Cycling Portugal

Mon, Jan 1, 2018 6-minute read

While studying abroad in Istanbul I took my semester break to travel to Portugal and cycle from Lisbon to Faro. The goal of the trip was to really enjoy the nature. I wanted it to be slow paced and relaxing. I wanted to take many stops, and enjoy all the sights and sounds. When I cycled across Canada there was no stopping to smell the roses. We were really determined to get across the country in 50 days, so we missed a lot of cool sights along the way for the sake of time.

cliffs and flowers

I found it very difficult to try and force myself to slow down and stop. I think I developed a tendency from my Canada ride to keep going until I have reached my goal for the day. I planned 7 days of riding for the trip, which would have allowed for me to go approximately only 50km each day and still reach my destination. Instead I did the trip with 4 days of riding, and took only 1 rest day. I did do an ok job of stopping to enjoy myself at least though. I made a camp fire the first night, had a long surf session the second day, and met up and went out with friends in Lagos the third night. Arriving early also allowed me to spend more time in Faro which turned out to be a really nice city.

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Video

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coffee

highway and bridge

Trip Route

Day Start End KM Time Average Speed (km/hr) Max Speed (km/hr)
Day 1 Lisboa Praia Da Gale (Campsite) 73.73 4hr 22min 17.14 48.78
Day 2 Praia Da Gale (Campsite) Milfontes 77.79 4hr 26min 17.7 44.17
Day 3 Milfontes Lagos 103 6hr 40min 15.61 42.57
Day 4 Rest Day Rest Day Rest Day Rest Day Rest Day Rest Day
Day 5 Lagos Faro 86 4hr 43min 18.54 43.36
Total 340.52 20hr 33min 17.2475 48.78

This route proved to be a decent one. It was not overly challenging, and provided nice scenery. For the most part there was not very much traffic, with the exception being my ride from Lago’s to Faro along the south. In this stretch there was way too much traffic! The terrain is mostly natural, with some fun climbs and decants, the best one being just outside of Lagos. Heading south, as you near the city you are treated to a pretty gruelling climb, and then rewarded with some awesome down hill.

highway shot

The only real disappointment was I wanted more coastal views. There were hardly any, or at least way less than I imagined. From the maps I saw there is no way around this, as I stayed by the coast whenever possible. The best part for me was just south of Sines. Around here you can bike close to the sea, with a beautiful beach and little cliffs. Here is also where I stopped and surfed for a few hours, at the surf spot S. Torpes.

surfing

There is also a problem of not many ideal camping spots. While there are lots of ones you can pay for, they are not overly nice. I saw almost no where that I wanted to stop and stealth camp which I was planning to do. In my head I imagined camping on the beach every night. I think this may be possible, but will be a lot of work searching for the best spot. It required more patience than I had! The first night’s campsite was not bad though once you got away from all the cabins, and did treat me to this view…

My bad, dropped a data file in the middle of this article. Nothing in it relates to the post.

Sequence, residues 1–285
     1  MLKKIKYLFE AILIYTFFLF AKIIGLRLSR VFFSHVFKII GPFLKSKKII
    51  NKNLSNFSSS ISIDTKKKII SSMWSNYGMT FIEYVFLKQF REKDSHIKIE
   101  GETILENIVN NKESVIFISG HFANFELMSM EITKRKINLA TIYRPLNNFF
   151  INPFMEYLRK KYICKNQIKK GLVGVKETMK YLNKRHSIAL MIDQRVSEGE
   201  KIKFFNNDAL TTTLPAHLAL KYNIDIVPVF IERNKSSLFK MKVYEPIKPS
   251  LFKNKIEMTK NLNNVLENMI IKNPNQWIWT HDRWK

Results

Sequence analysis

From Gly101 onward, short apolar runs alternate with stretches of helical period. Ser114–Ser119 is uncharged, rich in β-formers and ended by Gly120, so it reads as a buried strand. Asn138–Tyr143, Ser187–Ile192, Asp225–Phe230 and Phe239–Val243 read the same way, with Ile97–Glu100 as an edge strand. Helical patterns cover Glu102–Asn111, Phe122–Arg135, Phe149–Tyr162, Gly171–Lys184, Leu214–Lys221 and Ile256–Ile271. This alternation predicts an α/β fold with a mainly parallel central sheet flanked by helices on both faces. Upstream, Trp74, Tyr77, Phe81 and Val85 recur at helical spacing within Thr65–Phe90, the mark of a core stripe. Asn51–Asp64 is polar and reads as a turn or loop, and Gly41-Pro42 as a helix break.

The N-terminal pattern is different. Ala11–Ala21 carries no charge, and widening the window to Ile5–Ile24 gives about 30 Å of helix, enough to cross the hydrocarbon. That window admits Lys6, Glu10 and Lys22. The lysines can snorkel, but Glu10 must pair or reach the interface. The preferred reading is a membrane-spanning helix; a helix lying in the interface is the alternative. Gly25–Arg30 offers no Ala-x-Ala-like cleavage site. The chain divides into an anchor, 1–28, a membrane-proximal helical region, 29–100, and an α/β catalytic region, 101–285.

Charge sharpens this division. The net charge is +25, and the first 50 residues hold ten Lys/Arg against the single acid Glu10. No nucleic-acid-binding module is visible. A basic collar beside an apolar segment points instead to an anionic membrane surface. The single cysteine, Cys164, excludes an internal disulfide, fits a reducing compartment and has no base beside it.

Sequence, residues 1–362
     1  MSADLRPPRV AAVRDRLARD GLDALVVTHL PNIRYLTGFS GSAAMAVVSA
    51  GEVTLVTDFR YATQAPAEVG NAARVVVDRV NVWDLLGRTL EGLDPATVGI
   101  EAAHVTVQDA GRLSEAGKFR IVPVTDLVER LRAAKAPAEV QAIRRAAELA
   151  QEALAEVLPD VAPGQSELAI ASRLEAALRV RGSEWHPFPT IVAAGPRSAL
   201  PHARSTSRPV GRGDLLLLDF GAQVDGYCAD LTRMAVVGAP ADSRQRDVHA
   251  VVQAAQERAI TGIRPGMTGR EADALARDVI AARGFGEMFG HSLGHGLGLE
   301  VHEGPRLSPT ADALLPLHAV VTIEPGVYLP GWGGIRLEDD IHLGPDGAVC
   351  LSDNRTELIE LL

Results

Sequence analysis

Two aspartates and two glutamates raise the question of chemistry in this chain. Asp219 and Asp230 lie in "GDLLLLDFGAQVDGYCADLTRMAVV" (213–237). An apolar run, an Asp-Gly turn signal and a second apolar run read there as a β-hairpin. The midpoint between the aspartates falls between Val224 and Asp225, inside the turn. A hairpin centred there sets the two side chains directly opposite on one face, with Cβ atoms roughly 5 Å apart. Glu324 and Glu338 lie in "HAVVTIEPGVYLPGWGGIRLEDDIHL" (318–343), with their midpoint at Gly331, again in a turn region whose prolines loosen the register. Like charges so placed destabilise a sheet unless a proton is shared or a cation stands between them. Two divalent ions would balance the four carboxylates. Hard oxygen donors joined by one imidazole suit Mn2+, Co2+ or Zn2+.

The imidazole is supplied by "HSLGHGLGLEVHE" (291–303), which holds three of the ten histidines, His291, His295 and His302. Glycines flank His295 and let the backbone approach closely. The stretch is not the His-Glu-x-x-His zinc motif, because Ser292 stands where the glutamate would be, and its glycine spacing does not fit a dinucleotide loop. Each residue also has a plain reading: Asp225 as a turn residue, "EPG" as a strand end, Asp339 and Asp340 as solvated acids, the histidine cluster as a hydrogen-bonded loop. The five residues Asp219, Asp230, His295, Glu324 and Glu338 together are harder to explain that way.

sunset camping

Gear and Equipment

bike at ferry

cockpit view

Since I was in Europe I had none of my own cycling equipment with me. I looked online at several different companies, and decided to rent all my gear from Cycling-Rentals.com. They turned out to be a great choice. Their customer service was excellent (they always responded to emails quickly) and the equipment was all in great condition and high quality. I ended up renting their men’s touring suspension bike, the BH Silvertip. I think the bike was excellent, although I did not enjoy touring on a suspension bike very much. If I were to do it again I would opt for a bike without suspension. I felt the suspension took away from my power and really slowed me down. Since the roads are fine and I didn’t do any mountain biking there was no need for this.

bike on bench

I did the 7 day rental for 125 Euro’s, plus purchasing some extra accessories: helmet, odometer, smartphone holder, handlebar bag, and waterproof panniers. I really did not need all this. For example I don’t know why I got the smartphone holder, but it looked so cool online! The rear panniers and handlebar bag were both great. I ended up keeping my camera and wallet in the front, and almost everything else in the back. I was also carrying my travelling backpack because that is what I came to Portugal with, but there was almost nothing in it except some groceries for the day. When all said and done the bike and accessories cost me 200 Euro for 7 days. I wish I rented for less days because I finished the trip so early. The trip ended up being a lot more than I thought. But was worth it!

bike beside building

In terms of sleeping I bought a cheap tent in Turkey. It cost only 40 lira’s, and worked well enough to do the job. I feared if it rained hard it would not hold, but fortunately the weather was good. I was also lucky enough to come across a sleeping bag for free. It was very light weight, and could be squished into a tiny ball. It was perfect for April in Portugal. I was almost a bit cold at night, but with a sweater on it was all good.

bike and tent camping

With me I packed 5 t-shirts, 5 boxers, 5 socks, 1 fleece, 1 long sleeve, 1 shorts, 1 bathing suit, a flashlight, DSLR, little camcorder, laptop and textbooks (I had to do a school assignment…), sunglasses, hat, small backpack for day trips, Nalgene, and toiletries. This ended up being the right amount of everything! Except for laptop and textbooks which sucked carrying of course, but I unfortunately had too.